Investors vote with their feet: CEO

 ·13 May 2024

Foreign investment will come and go in South Africa – but at the moment, there is a sense that businesses are heading for the exit, says Business Leadership South Africa (BLSA) chief executive Busi Mavuso – and the government isn’t helping.

“While (investment) decisions are inevitably going to happen both ways, the more attractive our country is, the more often you can expect investment to be made than withdrawn. It feels now that the withdrawal of investment is dominating,” she said.

Mavuso said that two major indicators of this sentiment have reverberated through the country in recent weeks:

First, the announcement last week that Shell will exit its downstream business in South Africa; and second, news that BHP is keen to buy Anglo American, provided it first unbundles most of its South African assets.

The BLSA lead said both these moves make it clear that “global giants have lost appetite” for South Africa.

“People vote with their feet, capital has many addresses, and if we’re not going to make it easy to invest here, it is going to land somewhere else,” she said.

Making matters worse, Mavuso said that the political response to these moves has also damaged the investment environment. Mineral resources and energy minister Gwede Mantashe, in particular, has taken a decidedly antagonistic stance.

Last week, he threatened Shell over future exploration licenses for its upstream business, saying, “We should be more reluctant” to grant permits and licenses to the company because of its decision.

He also described BHP as “not positive” for South Africa and that he would vote against its bid for Anglo if he could.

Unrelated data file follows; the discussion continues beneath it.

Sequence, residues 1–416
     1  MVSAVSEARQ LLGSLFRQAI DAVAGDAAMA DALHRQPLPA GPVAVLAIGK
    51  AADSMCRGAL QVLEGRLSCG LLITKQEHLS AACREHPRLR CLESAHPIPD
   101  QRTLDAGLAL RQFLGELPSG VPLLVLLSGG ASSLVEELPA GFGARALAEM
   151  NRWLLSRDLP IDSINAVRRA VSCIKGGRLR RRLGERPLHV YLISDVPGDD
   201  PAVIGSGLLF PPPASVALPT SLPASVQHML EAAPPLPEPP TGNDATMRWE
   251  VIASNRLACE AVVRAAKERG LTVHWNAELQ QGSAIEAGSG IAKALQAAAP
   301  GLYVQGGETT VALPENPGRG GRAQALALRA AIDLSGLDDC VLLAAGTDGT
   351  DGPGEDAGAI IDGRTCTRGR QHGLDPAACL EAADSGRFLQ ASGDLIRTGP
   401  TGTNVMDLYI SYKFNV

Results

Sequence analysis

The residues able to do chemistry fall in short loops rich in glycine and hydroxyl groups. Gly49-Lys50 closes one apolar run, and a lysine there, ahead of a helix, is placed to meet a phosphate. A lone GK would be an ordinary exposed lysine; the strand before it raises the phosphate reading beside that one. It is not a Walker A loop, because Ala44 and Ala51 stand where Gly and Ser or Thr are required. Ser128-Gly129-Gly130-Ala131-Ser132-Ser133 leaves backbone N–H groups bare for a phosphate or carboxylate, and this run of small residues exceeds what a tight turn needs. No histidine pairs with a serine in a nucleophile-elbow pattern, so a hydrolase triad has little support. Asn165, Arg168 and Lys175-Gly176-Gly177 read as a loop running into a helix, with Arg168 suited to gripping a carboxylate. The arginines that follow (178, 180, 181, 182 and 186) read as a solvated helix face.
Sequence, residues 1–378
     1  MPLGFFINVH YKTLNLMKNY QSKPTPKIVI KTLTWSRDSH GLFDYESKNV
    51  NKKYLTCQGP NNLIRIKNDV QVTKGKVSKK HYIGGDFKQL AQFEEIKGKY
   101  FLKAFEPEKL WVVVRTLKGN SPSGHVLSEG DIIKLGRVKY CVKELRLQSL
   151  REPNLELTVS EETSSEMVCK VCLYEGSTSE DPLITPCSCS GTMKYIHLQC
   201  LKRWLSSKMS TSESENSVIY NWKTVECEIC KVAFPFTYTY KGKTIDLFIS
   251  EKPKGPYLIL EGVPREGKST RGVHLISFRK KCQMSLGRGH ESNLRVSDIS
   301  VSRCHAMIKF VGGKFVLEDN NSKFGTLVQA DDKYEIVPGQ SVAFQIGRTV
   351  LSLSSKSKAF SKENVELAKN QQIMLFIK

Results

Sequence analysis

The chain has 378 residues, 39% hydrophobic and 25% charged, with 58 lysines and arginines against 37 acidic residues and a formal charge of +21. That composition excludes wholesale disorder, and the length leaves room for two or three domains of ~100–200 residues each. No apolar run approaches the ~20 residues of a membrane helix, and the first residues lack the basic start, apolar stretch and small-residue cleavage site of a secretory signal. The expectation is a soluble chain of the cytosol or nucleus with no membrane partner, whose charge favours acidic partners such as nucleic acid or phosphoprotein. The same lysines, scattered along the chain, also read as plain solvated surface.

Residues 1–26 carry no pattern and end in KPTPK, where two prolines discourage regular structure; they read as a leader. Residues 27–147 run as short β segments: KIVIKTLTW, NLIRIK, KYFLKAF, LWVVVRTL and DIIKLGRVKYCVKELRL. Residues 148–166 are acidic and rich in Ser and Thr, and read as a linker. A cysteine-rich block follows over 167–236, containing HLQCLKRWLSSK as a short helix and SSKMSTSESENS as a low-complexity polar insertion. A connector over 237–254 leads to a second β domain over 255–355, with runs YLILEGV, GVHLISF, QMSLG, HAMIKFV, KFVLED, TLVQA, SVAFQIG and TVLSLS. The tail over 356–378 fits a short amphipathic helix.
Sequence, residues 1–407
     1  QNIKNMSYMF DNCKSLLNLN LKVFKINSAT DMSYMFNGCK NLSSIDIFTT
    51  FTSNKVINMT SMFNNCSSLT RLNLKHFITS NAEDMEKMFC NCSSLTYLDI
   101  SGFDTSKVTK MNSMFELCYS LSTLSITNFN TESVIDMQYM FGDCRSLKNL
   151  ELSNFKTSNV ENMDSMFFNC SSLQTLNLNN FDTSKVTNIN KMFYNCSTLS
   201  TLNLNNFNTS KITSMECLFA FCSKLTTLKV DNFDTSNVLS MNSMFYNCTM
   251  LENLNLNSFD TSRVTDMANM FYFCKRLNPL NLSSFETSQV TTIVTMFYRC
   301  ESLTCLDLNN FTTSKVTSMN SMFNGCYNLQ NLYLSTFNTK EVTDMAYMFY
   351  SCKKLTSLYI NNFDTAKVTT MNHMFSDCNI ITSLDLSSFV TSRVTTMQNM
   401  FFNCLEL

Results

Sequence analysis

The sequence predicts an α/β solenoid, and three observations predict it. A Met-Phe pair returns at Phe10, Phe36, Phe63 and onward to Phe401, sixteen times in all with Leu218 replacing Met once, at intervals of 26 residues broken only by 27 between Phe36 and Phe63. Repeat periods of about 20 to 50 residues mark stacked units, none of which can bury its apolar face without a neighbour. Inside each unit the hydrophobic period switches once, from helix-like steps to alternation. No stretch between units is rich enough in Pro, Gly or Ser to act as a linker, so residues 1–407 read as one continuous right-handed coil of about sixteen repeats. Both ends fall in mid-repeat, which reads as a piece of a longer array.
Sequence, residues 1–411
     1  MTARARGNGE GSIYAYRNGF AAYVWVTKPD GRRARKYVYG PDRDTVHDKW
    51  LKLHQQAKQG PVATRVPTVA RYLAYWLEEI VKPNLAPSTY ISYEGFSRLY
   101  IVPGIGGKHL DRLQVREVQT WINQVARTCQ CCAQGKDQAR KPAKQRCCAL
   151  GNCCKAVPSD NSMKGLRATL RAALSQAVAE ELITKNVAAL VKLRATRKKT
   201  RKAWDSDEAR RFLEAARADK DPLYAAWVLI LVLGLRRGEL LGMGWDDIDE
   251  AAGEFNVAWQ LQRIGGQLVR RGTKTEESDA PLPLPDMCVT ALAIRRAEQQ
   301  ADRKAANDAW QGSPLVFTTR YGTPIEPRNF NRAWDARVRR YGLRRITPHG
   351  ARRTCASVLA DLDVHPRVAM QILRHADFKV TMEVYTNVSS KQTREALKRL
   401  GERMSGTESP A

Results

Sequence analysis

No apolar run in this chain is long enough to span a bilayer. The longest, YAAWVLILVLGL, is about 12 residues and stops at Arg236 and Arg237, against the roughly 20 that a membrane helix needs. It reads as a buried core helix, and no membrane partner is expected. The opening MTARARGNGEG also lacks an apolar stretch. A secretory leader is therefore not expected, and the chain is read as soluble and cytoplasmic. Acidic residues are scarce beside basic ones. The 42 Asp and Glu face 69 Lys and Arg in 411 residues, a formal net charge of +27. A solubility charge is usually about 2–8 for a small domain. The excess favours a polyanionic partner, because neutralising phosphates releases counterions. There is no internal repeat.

This kind of rhetoric is obviously going to be noticed in global boardrooms. It says the South Africa government is not one to respect the business decisions of companies,” Mavuso said.

“While it may legally have little discretion to intervene on companies’ licenses and to block transactions, that doesn’t mean it doesn’t want to. Any company must pause and consider whether the legal position may change in the future, given that the government seems to be signalling that it is not so keen on companies acting in their own commercial interests.”

The flip side

Despite the negative sentiment created by these moves, South Africa is still drawing investment, Mavuso said, highlighting Amazon Web Services still choosing to pump billions of rands into the country, and Amazon South Africa launching its marketplace last week.

The BLSA CEO said that this highlights the “background” reality in South Africa, in which certain business sectors are waning (mining and manufacturing) while others are opening up.

The key, though, is that South Africa needs to make itself as appealing as possible as an investment destination to take advantage of those sectors that are growing.

“If we want to attract companies that must make big long-term investments…we must create an investor-friendly environment. Investors are aiming to maximise their returns, full stop. If we make clear that South Africa is a good place to be able to do that, companies will come,” Mavuso said.

A big step in getting this right would be to instil confidence that the government respects the commercial realities facing companies.

“I can tell you that having a minister (Mantashe) who loudly proclaims displeasure and threatens investors with consequences, is only going to confirm what investors fear.

“The better approach is to signal regret, but respect commercial decisions, and redouble efforts to make South Africa attractive to investors so that next time the decision is different,” she said.

Read: Mantashe wants to ‘punish’ Shell over South Africa exit

Show comments
Subscribe to our daily newsletter